According to the church records, the first officers of the church and society were the same as the Carolina church. At the second annual meeting at Midway, Benjamin Baker was reelected clerk, and John Stevens, John Elliott, William Baker and Parmenas Way were continued as selectmen. William Baker served as deacon until 1767 when John Winn was elected and served for nineteen years. The ministers serving the Midway congregation were: the Reverend John Osgood, 1754-1773; the Reverend James Edmonds (assistant), 1767-1769; the Reverend Moses Allen, 1777-1778; the Reverend Abiel Holmes, 1785-1791; the Reverend Cyrus Gildersleeve, 1791-1811; the Reverend Murdock Murphy, 1811-1823; the Reverend Robert Quarterman, 1823-1847; the Reverend I. S. K. Axson (copastor), 1836-1853; the Reverend T. S. Winn (copastor), 1848-1855; the Reverend D. L. Buttolph, 1854-1867; the Reverend John F. Baker (assistant pastor), 1855; and the Reverend Francis H. Bowman (copastor), 1856-1859. The temporary supply ministers included the Reverend Jedidiah Morse, 1787; the Reverend Richard M. Baker, 1851; the Reverend John Winn, 1853; the Reverend R. Q. Mallard, 1855; the Reverend Donald Fraser, 1862; and the Reverend R. Q. Way, 1866.


Originally Midway District was in the county of Savannah, but it became one of the eleven districts in 1751. In the year 1758 the district was included in the parish of St. John, the same year that Captain Mark Carr deeded 300 acres on the Medway River for the town of Sunbury. 


St. John's Parish was inhabited by people who were independent in thought and action, and they were the first in the colony of Georgia to assert their independence and resist the dominion of England. The royal governor, Sir James Wright, upon learning that the citizens of St. John's Parish had entered into an agreement to adopt the resolutions and association of the Continental Congress, declared that "these rebel measures had resulted from the influence of the descendants of the people of New England of the Puritan Independent sect."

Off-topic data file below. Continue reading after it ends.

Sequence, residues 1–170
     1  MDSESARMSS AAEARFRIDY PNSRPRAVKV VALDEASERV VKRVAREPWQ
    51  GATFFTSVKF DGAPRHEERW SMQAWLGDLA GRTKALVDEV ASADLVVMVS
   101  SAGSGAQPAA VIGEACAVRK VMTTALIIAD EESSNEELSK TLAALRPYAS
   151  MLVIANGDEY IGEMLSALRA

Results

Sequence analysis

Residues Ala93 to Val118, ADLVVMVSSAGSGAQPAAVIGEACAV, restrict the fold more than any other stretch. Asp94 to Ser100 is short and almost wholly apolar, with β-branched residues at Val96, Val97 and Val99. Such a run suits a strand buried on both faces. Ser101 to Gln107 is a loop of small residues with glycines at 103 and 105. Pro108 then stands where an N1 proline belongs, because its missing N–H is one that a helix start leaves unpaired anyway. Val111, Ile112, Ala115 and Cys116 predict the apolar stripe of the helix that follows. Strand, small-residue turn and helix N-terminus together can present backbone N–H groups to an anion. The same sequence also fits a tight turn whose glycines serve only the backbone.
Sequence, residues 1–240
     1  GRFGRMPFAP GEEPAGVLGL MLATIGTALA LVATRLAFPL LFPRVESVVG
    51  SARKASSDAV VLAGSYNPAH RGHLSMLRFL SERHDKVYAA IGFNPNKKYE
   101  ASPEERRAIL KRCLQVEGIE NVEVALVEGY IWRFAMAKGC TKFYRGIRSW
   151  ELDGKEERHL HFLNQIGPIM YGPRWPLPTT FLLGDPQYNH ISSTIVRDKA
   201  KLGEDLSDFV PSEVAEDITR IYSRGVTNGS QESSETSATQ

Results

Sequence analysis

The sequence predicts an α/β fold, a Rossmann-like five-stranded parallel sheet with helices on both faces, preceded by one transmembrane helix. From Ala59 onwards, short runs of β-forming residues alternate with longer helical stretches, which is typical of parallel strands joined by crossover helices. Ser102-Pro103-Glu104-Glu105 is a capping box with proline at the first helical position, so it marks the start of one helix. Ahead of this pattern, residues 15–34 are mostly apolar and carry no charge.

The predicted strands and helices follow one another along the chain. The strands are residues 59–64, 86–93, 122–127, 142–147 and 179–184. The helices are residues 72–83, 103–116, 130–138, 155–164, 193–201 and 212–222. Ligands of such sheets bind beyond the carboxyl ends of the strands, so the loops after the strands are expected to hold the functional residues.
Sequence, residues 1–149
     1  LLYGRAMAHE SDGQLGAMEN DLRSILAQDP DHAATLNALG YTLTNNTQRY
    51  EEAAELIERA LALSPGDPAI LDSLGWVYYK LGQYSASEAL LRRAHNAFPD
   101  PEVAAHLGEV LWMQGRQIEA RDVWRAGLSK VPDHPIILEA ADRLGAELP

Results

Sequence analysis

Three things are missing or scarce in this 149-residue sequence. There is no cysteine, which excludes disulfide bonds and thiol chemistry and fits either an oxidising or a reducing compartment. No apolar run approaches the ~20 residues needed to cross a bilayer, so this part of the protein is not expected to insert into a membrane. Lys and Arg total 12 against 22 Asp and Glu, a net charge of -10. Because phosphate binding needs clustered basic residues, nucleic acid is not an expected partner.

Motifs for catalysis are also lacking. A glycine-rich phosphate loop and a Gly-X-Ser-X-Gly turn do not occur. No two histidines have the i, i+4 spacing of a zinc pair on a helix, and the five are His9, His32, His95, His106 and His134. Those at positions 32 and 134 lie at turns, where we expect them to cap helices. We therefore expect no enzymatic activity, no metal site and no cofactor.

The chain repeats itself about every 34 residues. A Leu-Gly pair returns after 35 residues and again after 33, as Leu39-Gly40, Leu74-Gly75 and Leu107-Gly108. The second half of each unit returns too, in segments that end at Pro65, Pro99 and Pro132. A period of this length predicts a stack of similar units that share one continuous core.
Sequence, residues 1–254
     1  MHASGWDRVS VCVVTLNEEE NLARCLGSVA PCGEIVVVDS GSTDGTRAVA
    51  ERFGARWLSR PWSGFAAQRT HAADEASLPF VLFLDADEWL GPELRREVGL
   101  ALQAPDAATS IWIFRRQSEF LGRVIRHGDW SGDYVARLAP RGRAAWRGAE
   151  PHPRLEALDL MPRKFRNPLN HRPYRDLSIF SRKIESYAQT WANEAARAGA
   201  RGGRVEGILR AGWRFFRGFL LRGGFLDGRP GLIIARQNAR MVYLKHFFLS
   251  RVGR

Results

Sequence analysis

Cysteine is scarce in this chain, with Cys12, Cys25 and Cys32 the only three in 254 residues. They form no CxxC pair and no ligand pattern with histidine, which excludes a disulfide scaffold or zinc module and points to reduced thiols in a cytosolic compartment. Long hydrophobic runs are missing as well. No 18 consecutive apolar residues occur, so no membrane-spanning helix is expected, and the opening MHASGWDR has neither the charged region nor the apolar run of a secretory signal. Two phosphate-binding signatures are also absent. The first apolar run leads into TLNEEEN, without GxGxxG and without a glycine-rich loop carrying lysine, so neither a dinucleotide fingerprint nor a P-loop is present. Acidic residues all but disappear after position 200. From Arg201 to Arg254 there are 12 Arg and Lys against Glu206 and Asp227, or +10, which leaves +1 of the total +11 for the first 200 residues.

Dr. Lyman Hall led the fight for freedom in St. John's Parish. He and his friend Button Gwinnett, who resided on St. Catherines Island, represented Georgia in the Continental Congress in 1776 and were signers of the Declaration of Independence.


The parish furnished two generals - James Screven and Daniel Stewart-who commanded military groups. In a battle near Midway church, General Screven lost his life.


The patriotic spirit and action of Liberty citizens gave the county its name. The members of the legislature in 1777 deemed it appropriate to give the combined parishes of St. John, St. James and St. Andrew the name Liberty.